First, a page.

The management of people at work
Identify two Civil Society Organizations (CSOs) that play a significant part in pressing for the ethical management of workers. Using the websites of these organizations and other research sources, describe, compare and contrast their activities and comment critically on their role in encouraging improvements in the management of people at work. Identify two Civil Society Organizations (CSOs) that play a significant part in pressing for the ethical management of workers.
Using the websites of these organizations and other research sources, describe, compare and contrast their activities and comment critically on their role in encouraging improvements in the management of people at work. “I believe, indeed, that overemphasis on the purely intellectual attitude, often directed solely to the practical and factual, in our education, has led directly to the impairment of ethical values. ” (Albert Einstein) In these tumultuous economic times, corporate ethics are more essential than ever.
The current worldview seems to be built on the foundation that the only wrong thing about shady business dealings and immoral workplace ethics is in getting caught. Also as workplaces often consist of a large number of individuals, the differing views and attitudes mean the fundamental role that ethics should play, is otherwise overlooked. So
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” These unethical actions are often directed towards Lesbians, gay men, bisexuals and working families among many other groups. Civil Society Organisations (CSOs) however, provide much needed support and push for humanitarian rights as corporate social responsibility is a key message and ambition of theirs. (Hutler, B and O’Mahony, 2004) It will be two CSOs that I will focus on. Working Families is a similar CSO that instead strives for the rights of children, working parents and carers and their employers in order to find a better balance between responsibilities at home and work.
Its primary aim is to extinguish the conflict between family and employment. Examples of previous successes include; the Equal Pay Act in1979, family credit for low income families1988, Employment Relations Act implementing parental leave and enhancing maternity leave 1999 and the Work and Families Act extending maternity leave to year a pay from 6-9 months 2006. However, they still face key issues such as in-work poverty, long hours and wasted talent. Whilst working families may have benefited from the Employment Relations Act, the government rejected plans to include protection from harassment for gays and lesbians in the workplace.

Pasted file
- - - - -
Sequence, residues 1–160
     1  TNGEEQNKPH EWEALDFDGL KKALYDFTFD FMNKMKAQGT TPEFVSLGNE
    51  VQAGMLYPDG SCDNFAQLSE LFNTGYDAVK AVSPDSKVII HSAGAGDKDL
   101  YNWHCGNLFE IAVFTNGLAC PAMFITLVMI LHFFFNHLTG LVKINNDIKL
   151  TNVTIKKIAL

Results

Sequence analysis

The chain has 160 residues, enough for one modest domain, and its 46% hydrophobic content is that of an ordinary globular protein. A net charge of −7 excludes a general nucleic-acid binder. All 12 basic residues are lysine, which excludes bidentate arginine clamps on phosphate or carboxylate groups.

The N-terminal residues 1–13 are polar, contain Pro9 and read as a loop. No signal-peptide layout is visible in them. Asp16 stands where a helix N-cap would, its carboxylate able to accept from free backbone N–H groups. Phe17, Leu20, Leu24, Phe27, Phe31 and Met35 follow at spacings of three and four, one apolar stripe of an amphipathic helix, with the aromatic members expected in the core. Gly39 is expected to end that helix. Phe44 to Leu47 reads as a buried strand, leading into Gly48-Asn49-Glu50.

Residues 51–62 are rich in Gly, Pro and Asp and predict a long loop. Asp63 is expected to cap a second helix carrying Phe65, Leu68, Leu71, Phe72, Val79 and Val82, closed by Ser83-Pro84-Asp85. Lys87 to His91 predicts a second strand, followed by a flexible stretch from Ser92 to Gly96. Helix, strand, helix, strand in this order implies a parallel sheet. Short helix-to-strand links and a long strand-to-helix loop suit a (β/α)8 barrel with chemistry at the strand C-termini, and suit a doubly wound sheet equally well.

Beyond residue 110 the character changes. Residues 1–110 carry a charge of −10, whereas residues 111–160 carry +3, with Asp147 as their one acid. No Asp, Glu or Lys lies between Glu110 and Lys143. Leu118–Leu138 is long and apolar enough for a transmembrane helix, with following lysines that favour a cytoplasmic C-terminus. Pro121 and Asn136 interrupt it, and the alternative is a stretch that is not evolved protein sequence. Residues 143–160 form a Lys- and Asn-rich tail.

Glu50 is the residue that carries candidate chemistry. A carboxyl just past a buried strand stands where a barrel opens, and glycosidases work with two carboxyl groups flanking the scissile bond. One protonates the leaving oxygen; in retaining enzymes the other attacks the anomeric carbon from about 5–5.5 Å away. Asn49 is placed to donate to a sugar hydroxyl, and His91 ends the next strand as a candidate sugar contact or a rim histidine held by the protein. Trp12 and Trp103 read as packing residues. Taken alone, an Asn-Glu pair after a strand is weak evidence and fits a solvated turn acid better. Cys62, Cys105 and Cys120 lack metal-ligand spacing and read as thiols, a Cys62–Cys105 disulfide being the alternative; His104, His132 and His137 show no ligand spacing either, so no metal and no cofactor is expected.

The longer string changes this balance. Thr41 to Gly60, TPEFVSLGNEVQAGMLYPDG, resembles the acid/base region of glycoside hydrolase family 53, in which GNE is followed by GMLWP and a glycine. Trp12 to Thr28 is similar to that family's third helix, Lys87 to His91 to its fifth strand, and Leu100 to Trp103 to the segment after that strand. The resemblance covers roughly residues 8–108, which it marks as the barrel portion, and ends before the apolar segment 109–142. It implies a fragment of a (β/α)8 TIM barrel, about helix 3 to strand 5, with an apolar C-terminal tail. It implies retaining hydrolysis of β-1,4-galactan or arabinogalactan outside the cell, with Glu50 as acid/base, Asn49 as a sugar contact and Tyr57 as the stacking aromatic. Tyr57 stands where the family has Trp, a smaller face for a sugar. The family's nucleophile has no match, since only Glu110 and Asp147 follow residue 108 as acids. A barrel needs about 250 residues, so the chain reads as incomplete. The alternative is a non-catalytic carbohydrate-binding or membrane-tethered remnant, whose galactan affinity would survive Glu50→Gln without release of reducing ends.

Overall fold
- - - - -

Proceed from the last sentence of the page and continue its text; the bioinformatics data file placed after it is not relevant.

(BBC, 1999) This makes it particularly difficult for the LGB because, as the Home Office reported, services such as the fire service are said to be institutionally homophobic. (www. homeoffice. gov. uk, accessed December 15th 2009) It is also important to note what is currently happening in other countries such as Uganda. The BBC have recently been slammed for inviting debate on whether homosexuals should be executed for certain homosexual acts. (KansasCity, 2009) Uganda seems to be living in the past, something that CSOs such as Stonewall in this country have been able to advance.
“Genuine equality will not be achieved by providing the same service for everyone; equality of opportunity is not enough. It means delivering the same outcome for everyone, recognising the diverse needs of different communities and individuals and responding appropriately to those needs. ” (Alan Johnson, 2008) Stonewall works with a wide range of public, private and voluntary sector organisations in order to prevent discrimination against sexual orientation in the workplace.
This is demonstrated through its Diversity Champions programme which provides a model for best practice and emphasises the importance of equality to employers. In the last 4 years it has grown to over 500 members. The Diversity Champions programme provides support to its members through an activity and seminar programme, a workplace equality index, guidance on how to make progress and workplace guides. Stonewall regularly produces new and ground breaking research which enables them to produce relative objectives in order to combat the problems.
The research publication named Serves you right (2008) has found that nearly one in five lesbian and gay people, almost 300,000 employees in Britain, have experienced bullying as a result of their sexual identity. It is important that LGBs are open about their sexual orientation in the workplace as a third of people think that they are more productive. (Peak Performance, 2008) Following this, the double-glazed glass ceiling (2008) analysed why there were few openly gay women. The results found that they were more concerned about their gender being a barrier to work and sexual identity was just an added burden.